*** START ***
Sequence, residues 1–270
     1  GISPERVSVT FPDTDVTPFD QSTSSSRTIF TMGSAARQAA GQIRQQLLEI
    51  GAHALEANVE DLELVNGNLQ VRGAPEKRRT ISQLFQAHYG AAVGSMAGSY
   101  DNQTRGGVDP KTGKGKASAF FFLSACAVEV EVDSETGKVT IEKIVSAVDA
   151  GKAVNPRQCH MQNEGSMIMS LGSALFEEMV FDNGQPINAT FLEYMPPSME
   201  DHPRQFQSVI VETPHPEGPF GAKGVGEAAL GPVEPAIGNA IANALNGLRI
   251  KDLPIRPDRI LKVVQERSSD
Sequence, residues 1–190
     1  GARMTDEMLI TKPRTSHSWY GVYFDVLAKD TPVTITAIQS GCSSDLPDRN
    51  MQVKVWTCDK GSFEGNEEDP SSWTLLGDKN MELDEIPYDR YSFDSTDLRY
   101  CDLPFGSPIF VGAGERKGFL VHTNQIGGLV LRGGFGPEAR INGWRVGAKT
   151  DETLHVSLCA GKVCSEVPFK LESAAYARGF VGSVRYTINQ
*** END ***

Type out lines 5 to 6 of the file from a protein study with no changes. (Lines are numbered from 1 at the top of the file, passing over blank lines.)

   151  GKAVNPRQCH MQNEGSMIMS LGSALFEEMV FDNGQPINAT FLEYMPPSME
   201  DHPRQFQSVI VETPHPEGPF GAKGVGEAAL GPVEPAIGNA IANALNGLRI